But I want to participate on the level that's doable for me. So bring on the questions! And let me know if you're participating so I can ask you things too.
resonant: Brian from The Breakfast Club: Demented and sad, but social (Default)
Me: So I stay up way, way too late.
Kidlet: Uh-huh.
Me: So late. Trying so hard to make myself get up and go to bed.
Kidlet: Uh-huh.
Me: So today I open my laptop, and what I've typed into my Google search field is: "How is John Legend so handsome?"
Kidlet: That late, huh?
resonant: It feels so good. (So good)


Back when LiveJournal roamed the earth, I first started working on a nonfannish human/alien novella which was described by one beta as “strangely sweet” and by another as “strangely sexy.”

Well, Evernight Publishing today released “Exog,” and you can find it on Evernight’s site here. (Also debuting Peale McDaniel as my name when I’m an erotic romance writer.)

If you’re one of the people who believed in it back then, then thank you!
resonant: Brian from The Breakfast Club: Demented and sad, but social (Default)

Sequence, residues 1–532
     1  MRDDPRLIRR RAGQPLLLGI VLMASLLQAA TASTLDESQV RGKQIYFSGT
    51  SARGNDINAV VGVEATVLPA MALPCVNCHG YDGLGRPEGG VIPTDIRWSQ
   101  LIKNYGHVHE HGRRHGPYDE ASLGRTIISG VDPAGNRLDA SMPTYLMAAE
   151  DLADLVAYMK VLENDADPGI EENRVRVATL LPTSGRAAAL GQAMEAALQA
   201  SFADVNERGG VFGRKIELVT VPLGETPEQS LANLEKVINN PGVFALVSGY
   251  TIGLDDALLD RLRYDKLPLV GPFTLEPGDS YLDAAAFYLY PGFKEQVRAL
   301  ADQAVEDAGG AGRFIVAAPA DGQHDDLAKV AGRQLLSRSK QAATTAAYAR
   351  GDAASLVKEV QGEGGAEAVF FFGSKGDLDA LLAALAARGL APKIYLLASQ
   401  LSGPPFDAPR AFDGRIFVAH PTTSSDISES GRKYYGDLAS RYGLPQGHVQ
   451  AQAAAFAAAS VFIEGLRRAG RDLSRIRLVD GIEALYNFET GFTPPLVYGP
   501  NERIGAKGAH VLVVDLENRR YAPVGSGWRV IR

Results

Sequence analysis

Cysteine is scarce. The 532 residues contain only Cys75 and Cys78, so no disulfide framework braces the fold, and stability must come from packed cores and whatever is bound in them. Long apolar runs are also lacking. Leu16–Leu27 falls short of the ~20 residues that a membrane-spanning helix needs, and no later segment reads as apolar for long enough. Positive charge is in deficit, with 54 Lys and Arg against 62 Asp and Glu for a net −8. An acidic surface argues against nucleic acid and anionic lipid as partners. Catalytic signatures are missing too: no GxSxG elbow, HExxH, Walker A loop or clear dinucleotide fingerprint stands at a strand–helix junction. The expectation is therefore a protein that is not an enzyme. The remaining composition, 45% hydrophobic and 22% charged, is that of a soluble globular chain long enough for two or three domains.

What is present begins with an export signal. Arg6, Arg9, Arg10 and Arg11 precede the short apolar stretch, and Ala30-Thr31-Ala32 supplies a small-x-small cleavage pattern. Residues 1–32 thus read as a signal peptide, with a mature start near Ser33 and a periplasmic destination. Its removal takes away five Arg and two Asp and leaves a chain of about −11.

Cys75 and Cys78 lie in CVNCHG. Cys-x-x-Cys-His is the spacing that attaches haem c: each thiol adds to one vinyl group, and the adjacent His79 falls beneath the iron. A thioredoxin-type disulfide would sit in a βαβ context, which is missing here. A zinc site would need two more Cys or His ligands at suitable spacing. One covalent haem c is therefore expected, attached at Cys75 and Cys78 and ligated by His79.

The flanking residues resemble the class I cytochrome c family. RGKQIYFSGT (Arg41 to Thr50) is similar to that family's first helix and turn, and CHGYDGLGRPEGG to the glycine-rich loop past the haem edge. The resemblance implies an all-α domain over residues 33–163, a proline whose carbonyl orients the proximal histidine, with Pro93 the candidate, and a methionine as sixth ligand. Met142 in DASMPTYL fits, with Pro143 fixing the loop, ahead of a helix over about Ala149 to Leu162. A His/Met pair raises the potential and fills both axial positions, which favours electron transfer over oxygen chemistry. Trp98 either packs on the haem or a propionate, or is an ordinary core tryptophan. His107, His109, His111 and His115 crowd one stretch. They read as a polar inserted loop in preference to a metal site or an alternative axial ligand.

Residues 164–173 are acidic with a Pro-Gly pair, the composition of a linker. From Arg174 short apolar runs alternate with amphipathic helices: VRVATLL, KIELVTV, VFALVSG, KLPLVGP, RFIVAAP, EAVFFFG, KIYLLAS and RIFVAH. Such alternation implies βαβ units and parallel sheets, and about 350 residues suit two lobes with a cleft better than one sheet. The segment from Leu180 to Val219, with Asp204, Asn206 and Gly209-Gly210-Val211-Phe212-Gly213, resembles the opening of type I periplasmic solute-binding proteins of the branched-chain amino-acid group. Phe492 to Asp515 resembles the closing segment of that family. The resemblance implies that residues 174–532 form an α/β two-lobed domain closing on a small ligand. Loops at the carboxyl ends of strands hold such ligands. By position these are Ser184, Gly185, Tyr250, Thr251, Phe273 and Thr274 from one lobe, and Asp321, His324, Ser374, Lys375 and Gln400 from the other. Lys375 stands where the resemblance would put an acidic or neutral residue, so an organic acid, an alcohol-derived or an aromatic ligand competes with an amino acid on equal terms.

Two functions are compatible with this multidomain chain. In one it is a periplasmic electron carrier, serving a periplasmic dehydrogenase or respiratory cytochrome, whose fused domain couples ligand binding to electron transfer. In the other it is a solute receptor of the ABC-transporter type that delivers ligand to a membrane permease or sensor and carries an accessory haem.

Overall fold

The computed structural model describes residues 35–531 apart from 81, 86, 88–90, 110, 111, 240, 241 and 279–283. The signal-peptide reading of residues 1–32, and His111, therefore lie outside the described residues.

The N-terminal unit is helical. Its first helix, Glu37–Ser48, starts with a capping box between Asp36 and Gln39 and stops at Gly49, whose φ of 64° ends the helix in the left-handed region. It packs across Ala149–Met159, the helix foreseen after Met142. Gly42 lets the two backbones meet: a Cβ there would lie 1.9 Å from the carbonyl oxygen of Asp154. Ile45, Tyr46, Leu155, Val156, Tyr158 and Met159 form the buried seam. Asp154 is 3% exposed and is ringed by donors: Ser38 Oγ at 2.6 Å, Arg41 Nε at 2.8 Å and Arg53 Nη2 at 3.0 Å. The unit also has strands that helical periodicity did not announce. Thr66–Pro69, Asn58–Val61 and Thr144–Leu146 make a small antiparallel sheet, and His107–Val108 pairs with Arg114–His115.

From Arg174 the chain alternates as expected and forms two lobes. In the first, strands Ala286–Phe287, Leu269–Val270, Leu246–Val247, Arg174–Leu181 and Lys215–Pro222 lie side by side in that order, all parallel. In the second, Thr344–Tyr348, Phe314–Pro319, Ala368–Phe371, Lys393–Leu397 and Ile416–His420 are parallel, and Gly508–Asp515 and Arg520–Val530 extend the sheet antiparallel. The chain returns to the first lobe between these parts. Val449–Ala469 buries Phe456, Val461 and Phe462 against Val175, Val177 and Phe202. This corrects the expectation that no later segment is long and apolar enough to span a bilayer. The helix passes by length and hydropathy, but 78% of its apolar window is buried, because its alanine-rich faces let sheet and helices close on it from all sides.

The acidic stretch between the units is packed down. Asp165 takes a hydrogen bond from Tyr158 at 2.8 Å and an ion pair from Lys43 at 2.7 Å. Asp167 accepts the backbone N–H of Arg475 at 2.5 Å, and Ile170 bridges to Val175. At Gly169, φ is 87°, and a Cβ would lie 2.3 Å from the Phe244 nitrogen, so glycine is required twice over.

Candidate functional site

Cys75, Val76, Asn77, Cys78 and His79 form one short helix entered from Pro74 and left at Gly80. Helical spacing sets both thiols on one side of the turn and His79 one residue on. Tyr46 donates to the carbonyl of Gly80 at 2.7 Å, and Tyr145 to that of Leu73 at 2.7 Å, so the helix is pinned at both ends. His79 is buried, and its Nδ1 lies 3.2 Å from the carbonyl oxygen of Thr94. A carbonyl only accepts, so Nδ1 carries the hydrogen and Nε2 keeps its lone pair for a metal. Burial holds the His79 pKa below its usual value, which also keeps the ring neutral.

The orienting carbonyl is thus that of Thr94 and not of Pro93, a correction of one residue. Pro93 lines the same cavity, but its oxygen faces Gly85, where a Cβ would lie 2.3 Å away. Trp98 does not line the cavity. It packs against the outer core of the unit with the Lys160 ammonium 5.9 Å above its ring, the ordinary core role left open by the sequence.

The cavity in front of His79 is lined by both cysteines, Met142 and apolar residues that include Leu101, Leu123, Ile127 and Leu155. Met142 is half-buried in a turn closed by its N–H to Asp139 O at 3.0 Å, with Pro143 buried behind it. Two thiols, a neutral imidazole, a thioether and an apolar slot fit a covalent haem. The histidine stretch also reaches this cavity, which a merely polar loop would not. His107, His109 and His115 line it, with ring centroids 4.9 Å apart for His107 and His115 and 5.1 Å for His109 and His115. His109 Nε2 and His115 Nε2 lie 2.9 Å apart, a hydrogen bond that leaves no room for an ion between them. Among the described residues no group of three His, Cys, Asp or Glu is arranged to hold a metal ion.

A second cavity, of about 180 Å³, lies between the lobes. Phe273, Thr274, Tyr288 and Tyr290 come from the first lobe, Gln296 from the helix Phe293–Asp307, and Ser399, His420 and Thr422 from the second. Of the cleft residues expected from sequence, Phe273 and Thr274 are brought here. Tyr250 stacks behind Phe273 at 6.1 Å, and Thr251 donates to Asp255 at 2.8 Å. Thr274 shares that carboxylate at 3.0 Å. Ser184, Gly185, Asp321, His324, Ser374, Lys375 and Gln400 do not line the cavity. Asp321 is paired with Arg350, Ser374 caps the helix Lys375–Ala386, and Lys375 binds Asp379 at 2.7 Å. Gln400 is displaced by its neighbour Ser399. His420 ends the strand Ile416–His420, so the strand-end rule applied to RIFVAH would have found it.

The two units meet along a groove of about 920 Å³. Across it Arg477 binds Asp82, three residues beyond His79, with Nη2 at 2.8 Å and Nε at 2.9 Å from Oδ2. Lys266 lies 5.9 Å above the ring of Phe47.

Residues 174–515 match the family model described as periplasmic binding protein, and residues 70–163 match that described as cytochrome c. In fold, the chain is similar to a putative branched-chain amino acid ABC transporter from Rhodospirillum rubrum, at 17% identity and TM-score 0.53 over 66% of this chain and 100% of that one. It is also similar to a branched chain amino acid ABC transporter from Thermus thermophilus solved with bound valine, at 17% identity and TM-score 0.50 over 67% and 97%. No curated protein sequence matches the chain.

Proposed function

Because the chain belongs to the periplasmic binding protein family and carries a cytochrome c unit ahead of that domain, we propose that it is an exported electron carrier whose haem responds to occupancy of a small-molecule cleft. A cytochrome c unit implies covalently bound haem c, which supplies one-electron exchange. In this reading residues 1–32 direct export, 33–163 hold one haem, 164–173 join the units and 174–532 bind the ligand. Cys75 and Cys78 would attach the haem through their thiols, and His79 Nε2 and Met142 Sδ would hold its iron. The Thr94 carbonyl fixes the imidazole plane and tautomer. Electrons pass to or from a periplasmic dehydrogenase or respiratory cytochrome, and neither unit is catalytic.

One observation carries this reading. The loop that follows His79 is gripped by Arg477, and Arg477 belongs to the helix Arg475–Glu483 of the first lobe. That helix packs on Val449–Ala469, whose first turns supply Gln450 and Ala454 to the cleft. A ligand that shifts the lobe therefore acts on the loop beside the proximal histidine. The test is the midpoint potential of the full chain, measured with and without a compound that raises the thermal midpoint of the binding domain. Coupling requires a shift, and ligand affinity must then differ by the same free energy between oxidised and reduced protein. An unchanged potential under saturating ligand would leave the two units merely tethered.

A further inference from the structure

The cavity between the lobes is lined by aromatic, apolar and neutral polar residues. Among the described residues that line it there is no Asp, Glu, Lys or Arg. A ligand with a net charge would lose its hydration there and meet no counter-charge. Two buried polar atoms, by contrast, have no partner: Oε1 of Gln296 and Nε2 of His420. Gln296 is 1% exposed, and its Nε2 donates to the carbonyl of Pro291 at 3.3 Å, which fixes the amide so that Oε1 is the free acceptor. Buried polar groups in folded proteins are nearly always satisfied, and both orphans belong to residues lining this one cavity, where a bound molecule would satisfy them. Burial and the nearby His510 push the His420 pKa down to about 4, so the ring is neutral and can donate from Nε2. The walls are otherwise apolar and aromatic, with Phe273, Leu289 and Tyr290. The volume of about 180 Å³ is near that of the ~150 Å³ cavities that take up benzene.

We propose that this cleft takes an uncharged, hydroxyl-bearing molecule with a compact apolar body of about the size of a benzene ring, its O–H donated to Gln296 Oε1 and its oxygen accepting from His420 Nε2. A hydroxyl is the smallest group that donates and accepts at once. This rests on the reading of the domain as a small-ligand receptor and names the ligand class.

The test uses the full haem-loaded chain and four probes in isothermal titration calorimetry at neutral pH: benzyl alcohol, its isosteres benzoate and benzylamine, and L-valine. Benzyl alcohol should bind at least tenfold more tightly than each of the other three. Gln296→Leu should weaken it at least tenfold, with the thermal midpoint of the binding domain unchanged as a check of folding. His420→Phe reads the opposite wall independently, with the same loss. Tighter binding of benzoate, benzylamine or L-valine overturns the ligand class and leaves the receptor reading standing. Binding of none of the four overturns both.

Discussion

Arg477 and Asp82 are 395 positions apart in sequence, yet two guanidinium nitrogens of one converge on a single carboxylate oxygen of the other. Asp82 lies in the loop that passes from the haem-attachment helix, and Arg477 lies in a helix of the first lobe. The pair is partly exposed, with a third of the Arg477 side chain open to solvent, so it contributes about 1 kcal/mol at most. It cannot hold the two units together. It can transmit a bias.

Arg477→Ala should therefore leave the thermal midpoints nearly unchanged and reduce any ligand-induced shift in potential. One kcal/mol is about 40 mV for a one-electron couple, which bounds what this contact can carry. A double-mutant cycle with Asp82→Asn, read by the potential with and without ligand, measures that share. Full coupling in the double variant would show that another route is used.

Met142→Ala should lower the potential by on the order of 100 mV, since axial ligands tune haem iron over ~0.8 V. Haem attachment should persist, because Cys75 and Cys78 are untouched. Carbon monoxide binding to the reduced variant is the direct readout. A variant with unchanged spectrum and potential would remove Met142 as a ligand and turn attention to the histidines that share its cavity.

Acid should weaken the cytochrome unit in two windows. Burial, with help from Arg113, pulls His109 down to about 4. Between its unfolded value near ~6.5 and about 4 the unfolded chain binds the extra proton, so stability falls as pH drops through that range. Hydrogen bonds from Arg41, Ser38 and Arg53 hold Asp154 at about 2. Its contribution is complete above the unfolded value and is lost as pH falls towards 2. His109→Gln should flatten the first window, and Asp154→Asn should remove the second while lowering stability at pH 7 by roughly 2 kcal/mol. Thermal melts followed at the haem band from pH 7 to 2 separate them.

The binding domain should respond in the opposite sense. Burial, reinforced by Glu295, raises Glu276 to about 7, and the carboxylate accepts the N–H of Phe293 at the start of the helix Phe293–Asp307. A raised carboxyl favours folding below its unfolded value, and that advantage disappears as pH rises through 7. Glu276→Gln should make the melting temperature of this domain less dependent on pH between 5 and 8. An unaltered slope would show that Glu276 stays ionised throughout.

Apparently nowadays when you find a dead bat in your living space, the public health authorities really want you to bring it in immediately for rabies testing, or refrigerate it until you can do so.

And if, instead, you flung it out on the lawn to decay ... well, the public health authorities want everyone who slept in that house to have a series of rabies shots. On account of bat bites being painless and leaving nearly no visible marks.

At least they don't do the shots in the belly any more. Three on the arms, four on the butt, and three more emergency room visits to come. I don't even like to think about how much this is going to cost.

So fridge that bat, friends. You'll be glad you did.
resonant: Brian from The Breakfast Club: Demented and sad, but social (Default)
This morning I was late for church because I had to remove a dead bat from the den of the Spousehouse before the kittencake had a chance to get at it.

(We knew there were bats in the attic -- in the belfry, as it were -- but we have no idea how this one came to be in the main house.)

And last week we actually turned the car around so the spouse could go back and rescue a turtle (ok, I guess strictly speaking a tortoise?) who was crossing the street on a narrow causeway where there was noplace for cars to avoid it. I was sitting in the car watching, and that turtle was literally running to avoid being caught. But the spouse caught it and put it in the grass near the river. Grass near the river is exactly what's on both sides of the street; I have no idea what the critter thought it was going to find on the other side.